Stellantis reveals details of EU charging network

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After Stellantis announced the construction of a European charging network with AC and DC chargers a few weeks ago, the car company has now revealed some details about the DC chargers. Under the project name Atlante, the first DC station is already being built in Italy.

In October this year, Stellantis revealed that its entire charging network with AC and DC charging points is to comprise more than 15,000 locations with a total of two million spaces by 2025. Of these, however, a large number will be AC charging points, the classic destination charging.

Stellantis has now revealed that the first DC chargers are being set up in Italy, France, Spain and Portugal in cooperation with NHOA and Free2Move eSolutions under the project name Atlante. Construction work is already underway for the first station in Piedmont and the pace is expected to remain high thereafter: According to the report, the first 700 project sites have been identified, ten per cent of which (mainly in Italy) are already under development and will be operational within the next six months.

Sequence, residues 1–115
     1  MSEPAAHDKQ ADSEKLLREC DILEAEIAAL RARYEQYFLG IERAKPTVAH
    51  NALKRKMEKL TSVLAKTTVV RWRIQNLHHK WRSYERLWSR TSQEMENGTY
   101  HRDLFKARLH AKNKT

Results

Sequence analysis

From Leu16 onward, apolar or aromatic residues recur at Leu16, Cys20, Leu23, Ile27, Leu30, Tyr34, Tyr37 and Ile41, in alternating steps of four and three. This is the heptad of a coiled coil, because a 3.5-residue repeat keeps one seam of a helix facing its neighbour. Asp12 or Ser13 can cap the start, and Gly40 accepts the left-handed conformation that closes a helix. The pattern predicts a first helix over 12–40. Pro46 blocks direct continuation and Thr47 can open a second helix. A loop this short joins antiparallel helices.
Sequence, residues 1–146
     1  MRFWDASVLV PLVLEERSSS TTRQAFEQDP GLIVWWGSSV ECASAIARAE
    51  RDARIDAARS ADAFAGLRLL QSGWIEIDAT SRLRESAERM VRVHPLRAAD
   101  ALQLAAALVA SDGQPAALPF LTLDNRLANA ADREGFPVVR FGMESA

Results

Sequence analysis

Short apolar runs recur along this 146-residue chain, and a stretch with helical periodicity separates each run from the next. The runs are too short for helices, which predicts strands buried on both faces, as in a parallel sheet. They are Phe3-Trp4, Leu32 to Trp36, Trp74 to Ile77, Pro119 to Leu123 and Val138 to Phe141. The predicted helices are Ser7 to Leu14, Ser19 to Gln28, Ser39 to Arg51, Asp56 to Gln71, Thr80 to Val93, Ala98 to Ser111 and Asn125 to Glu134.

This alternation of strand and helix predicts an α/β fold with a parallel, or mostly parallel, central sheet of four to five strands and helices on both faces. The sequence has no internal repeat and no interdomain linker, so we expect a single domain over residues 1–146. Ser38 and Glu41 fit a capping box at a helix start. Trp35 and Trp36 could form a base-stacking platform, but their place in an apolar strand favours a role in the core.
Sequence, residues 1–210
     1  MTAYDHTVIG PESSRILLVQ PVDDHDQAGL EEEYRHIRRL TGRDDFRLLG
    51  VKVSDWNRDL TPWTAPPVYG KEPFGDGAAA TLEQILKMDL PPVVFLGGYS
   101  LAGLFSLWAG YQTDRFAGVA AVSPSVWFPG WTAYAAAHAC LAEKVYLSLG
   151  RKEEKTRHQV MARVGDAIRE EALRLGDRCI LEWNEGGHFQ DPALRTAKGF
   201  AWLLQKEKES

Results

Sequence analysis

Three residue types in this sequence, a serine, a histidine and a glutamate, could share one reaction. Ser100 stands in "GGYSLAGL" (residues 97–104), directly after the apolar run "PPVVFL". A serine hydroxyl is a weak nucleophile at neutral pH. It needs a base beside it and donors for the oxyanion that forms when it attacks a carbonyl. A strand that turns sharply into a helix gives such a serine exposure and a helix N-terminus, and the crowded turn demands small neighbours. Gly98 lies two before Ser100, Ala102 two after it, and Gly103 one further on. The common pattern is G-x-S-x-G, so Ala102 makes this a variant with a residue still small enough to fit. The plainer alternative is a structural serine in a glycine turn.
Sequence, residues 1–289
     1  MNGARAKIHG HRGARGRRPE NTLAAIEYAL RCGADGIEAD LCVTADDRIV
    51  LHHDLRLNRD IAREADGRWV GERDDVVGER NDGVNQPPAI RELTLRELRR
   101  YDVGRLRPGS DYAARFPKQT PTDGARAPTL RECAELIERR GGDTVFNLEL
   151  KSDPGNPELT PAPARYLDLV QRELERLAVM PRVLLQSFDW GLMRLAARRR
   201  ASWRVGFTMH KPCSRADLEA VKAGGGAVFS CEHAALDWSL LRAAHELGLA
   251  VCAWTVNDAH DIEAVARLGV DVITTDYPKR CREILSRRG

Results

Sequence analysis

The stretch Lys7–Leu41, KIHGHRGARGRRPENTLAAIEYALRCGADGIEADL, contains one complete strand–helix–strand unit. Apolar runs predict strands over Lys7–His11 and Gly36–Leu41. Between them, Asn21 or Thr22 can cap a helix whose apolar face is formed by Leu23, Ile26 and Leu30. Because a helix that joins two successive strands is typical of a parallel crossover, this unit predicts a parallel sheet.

The power at the Atlante charging stations is to be between 100 and 175 kW. A specific type of charging station has not been mentioned, but Stellantis has confirmed the target of 5,000 fast charging points in total by 2025 and more than 35,000 by 2030, all of which will be fully integrated into the electricity grid and powered by energy from renewable sources and storage systems. NHOA is contributing the storage to the partnership, while the charging stations (hardware and software) are provided by Free2Move eSolutions, a joint venture between NHOA and Stellantis.

The partners had planned the Atlante project in response to the EU Commission’s Fit for 55 plans that stipulate the EU target allowing only zero-emission new cars from 2035. To achieve this, Stellantis and NHOA want to set up charging stations every 60 kilometres along main traffic arteries in the countries mentioned. However, Atlante is not only focusing on the construction and operation of the charging stations but also on the integration of the fast-charging systems into the energy grid by means of the aforementioned storage facilities. Depending on the location, roofs with solar panels and energy storage systems with second-life batteries will also be installed.

“Fast charging installations in Southern Europe represent a great opportunity for growth and development towards a new mobility,” says Anne-Lise Richard, Head of Global e-Mobility at Stellantis. “The deployment of public charging infrastructure is key to helping customers choose to drive an electric vehicle.”

1 Comment

about „Stellantis reveals details of EU charging network“
13.08.2022 um 09:22
nice addition

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